1850. Even so late as this date the northern boundary of New York could not be placed above Thirty­fourth Street, with many open spaces below that line. Bloomingdale, Manhattanville, Yorkville, and Harlem were still remote and isolated villages. But the city continued its rapid growth, fully meeting in this regard the most sanguine expectations. The prices of real estate, however, were very modest as compared with those of to­day; thus, in January of this year Mr. Henry C. DeRham bought from the heirs of Henry Brevoort the house and land, corner of Ninth Street and Fifth Avenue, ninety­two feet on the avenue and one hundred and twenty­six feet deep, for fifty­seven thousand dollars.

Nicholas Saltus ("Nick"), before referred to in these Reminiscences, died on January 25, aged seventy years.

January 28. From the ship­yard of Wm. H. Brown, foot of Twelfth Street, East River, there were three steamers launched in succession: first, the New World, of six hundred and fifty tons, designed and constructed for service in California, completely fitted, and upon being disengaged from her launching hawsers her engine was put in motion; second, the Boston, of eight hundred tons, designed to ply between Boston and Bangor; and lastly the Arctic, the third of the steamers of the New York and Liverpool Steamship Co. (Collins Line).

An enormous crowd witnessed the launch of this, the largest vessel that then had been built in this country, the Arctic having a length on deck of two hundred and ninety­five feet, and being of three thousand five hundred tons burthen, with water­wheels thirty­five feet in diameter; for my readers must remember that ocean steamers then were chiefly "side­wheelers," or paddle boats. The name of this vessel is of mournful sound even until this day, for the Arctic suffered a notable disaster by collision with the Vesta in 1854, with great loss of life. Her consort, the Pacific, also, was lost in some manner ever unknown, perhaps by collision with an iceberg while racing the Cunarder Persia; she never was heard of, neither was any trace of her ever discovered. These disasters availed, with other causes, to end the once favorite Collins Line, in 1858.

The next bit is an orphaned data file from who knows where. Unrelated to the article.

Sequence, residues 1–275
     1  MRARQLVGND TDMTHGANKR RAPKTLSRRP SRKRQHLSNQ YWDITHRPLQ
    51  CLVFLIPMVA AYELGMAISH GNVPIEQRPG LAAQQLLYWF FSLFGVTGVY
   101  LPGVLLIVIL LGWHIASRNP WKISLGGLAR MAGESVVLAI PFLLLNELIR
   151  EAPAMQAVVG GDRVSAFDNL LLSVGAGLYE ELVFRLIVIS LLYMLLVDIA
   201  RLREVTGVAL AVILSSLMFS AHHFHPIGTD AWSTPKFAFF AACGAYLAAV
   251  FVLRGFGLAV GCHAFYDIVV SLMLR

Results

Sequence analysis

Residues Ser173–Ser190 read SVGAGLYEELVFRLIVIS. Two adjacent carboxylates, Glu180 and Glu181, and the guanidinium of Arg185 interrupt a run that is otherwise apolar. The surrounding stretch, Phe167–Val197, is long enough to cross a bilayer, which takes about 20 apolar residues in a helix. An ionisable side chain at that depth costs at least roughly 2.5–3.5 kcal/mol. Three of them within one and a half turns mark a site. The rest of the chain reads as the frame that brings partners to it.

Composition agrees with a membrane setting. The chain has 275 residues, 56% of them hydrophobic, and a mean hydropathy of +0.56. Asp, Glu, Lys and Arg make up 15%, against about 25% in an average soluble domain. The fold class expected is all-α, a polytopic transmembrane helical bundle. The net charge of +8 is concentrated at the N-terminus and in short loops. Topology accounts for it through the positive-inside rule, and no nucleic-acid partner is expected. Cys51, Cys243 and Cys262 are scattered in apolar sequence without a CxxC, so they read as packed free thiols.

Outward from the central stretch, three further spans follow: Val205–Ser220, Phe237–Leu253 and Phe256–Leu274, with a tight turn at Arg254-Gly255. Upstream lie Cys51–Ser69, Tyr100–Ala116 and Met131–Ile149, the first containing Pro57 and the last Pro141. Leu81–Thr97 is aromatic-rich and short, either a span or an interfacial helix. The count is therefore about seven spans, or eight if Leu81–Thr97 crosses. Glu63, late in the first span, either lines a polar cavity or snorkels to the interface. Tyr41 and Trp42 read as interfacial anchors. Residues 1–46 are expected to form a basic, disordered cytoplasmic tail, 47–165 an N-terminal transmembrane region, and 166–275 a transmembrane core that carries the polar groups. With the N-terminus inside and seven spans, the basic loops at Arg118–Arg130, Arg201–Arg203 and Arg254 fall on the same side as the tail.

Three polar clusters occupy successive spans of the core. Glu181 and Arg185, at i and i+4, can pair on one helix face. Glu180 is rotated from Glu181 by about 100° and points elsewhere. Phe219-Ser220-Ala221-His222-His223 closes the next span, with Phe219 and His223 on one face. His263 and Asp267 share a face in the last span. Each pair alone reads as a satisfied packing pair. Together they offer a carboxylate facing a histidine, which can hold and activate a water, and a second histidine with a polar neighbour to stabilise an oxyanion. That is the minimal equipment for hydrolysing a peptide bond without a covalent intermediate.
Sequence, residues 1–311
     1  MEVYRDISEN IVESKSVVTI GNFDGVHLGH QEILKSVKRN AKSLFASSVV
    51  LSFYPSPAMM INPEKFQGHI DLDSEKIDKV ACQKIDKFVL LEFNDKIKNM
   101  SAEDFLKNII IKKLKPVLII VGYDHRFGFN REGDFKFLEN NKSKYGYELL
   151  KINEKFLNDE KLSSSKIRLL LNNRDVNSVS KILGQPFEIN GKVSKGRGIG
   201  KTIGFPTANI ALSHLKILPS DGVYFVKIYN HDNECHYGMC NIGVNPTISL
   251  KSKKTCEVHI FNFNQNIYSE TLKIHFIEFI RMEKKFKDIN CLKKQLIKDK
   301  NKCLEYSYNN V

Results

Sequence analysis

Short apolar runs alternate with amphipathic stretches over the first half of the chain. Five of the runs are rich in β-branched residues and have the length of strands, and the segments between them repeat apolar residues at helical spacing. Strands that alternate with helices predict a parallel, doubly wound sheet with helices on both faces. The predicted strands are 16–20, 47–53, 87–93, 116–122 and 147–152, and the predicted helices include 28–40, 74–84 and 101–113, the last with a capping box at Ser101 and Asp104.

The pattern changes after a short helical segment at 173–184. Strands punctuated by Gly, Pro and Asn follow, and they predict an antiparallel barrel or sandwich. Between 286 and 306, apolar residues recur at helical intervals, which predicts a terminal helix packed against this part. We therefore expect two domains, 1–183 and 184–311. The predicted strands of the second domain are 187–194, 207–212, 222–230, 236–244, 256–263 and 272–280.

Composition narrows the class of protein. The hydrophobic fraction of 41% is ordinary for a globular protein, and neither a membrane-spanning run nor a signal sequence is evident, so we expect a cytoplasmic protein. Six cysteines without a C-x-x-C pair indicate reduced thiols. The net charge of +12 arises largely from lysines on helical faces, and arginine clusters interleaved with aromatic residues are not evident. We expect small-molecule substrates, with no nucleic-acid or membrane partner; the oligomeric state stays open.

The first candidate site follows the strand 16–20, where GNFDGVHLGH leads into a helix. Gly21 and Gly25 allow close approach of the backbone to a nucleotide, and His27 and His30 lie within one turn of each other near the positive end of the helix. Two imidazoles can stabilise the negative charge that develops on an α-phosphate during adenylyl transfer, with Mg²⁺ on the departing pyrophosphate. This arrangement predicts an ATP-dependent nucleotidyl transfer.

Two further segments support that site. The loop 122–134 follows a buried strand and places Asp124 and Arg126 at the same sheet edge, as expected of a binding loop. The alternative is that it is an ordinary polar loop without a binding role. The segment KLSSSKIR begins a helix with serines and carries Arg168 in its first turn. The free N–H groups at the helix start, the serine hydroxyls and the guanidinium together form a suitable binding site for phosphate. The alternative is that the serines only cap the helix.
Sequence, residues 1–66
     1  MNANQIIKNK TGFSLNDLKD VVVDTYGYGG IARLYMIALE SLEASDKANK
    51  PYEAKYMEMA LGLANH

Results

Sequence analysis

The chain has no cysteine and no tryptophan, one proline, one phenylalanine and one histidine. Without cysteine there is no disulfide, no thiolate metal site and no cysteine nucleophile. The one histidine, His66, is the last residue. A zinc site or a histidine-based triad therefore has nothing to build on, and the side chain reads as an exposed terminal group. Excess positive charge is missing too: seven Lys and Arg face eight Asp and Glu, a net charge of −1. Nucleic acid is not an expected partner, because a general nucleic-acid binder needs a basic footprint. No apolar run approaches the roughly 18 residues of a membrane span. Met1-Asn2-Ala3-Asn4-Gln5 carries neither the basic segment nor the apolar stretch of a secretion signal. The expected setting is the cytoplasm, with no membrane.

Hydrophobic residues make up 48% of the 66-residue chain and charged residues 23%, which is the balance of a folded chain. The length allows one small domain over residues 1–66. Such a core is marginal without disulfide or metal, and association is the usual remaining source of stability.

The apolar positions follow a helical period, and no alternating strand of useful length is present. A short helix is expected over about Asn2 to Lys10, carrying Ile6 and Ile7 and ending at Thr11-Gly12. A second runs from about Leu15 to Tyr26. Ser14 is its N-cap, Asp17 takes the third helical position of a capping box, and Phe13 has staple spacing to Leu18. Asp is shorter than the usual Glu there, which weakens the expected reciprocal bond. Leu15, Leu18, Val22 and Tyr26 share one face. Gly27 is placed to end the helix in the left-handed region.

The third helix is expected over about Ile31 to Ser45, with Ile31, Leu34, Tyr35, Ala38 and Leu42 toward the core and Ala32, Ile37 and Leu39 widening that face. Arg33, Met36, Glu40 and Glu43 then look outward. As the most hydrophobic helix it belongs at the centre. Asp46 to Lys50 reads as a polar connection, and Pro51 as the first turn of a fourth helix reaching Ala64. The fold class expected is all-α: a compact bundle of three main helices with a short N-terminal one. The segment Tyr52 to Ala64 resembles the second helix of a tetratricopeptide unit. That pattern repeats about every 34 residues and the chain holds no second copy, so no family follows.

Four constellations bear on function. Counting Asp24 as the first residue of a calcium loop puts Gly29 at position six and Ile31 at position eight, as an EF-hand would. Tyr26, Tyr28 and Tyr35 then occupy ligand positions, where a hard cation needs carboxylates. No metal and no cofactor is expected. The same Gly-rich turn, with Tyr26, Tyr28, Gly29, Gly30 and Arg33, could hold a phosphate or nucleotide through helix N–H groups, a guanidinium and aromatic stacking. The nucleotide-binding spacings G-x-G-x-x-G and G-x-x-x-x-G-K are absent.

In this year the Inman Line, or the Liverpool, New York, and Philadephia Steamship Co., now known as the American Line, commenced operation.

February 4, the 200­horse power boiler in A. B. Taylor's machine shop, at 5 and 7 Hague Street, exploded at about eight o'clock in the morning, and the six story building containing it was shaken to the ground. Sixty­three dead bodies were taken from the ruins during a week's search.

In April the National Academy of Design opened its quarters in Broadway opposite Bond Street, where stables had been transformed into a home of art.

Henry Grinnell, a retired merchant, entertained the design of an expedition to the North Sea, in search of Sir John Franklin, and in pursuance of his purpose purchased two vessels which he named Advance and Rescue; and proffered them to the Government, which early in May accepted them, and appointed Lieutenant DeHaven, U. S. N., to command the expedition. It departed from New York on May 22, and although it failed to find Sir John, it proceeded so far north as to add to previous discoveries, in a tract which was named Grinnell Land, and to verify the opinion that existed as to the presence of a Polar Sea. The expedition arrived here on its return September 30, 1851.

April 10, the New York and Virginia Steamship Co. was chartered, and soon commenced service between this city and Norfolk, and subsequently to Richmond. It was succeeded by the Old Dominion Steamship Co. in 7868.

At this period Broadway was undergoing a rapid change into a street of trade. The City Hotel, after its long existence, at last disappeared, giving way to a row of shops. A. T. Stewart extended his own building to the corner of Reade Street. All through Broadway, nearly to Bleecker Street, residences were coming down to be replaced by structures for business purposes.

June. Edwin Forrest, who was then in litigation with his wife, was incensed with N. P. Willis on account of his action and expressions in the case, and meeting him in Washington Square, he first knocked him down and then lashed him very severely with a flexible cane. Willis was reported as having called for help, and as the crowd attracted to the scene was disposed to respond to the appeal, Forrest shouted, "Stand back, all of you; this is a family matter!"

In July the Collins steamer Atlantic performed the quickest passage then recorded between Liverpool and New York, in ten days and fifteen hours. The highly successful result of this second voyage-the first leaving here April 27-on the part of one of our countrymen to compete with the Cunard Line, was hailed with enthusiasm, and Mr. E. K. Collins, the projector and agent of the line, was presented by the merchants of the city with a gold dinner­set. Not only were the vessels of the Cunard Line beaten in speed, but the American line was superior in convenience and elegance of equipment. Soon after the fleet was increased by the addition of the Arctic and Baltic, and later the Adriatic.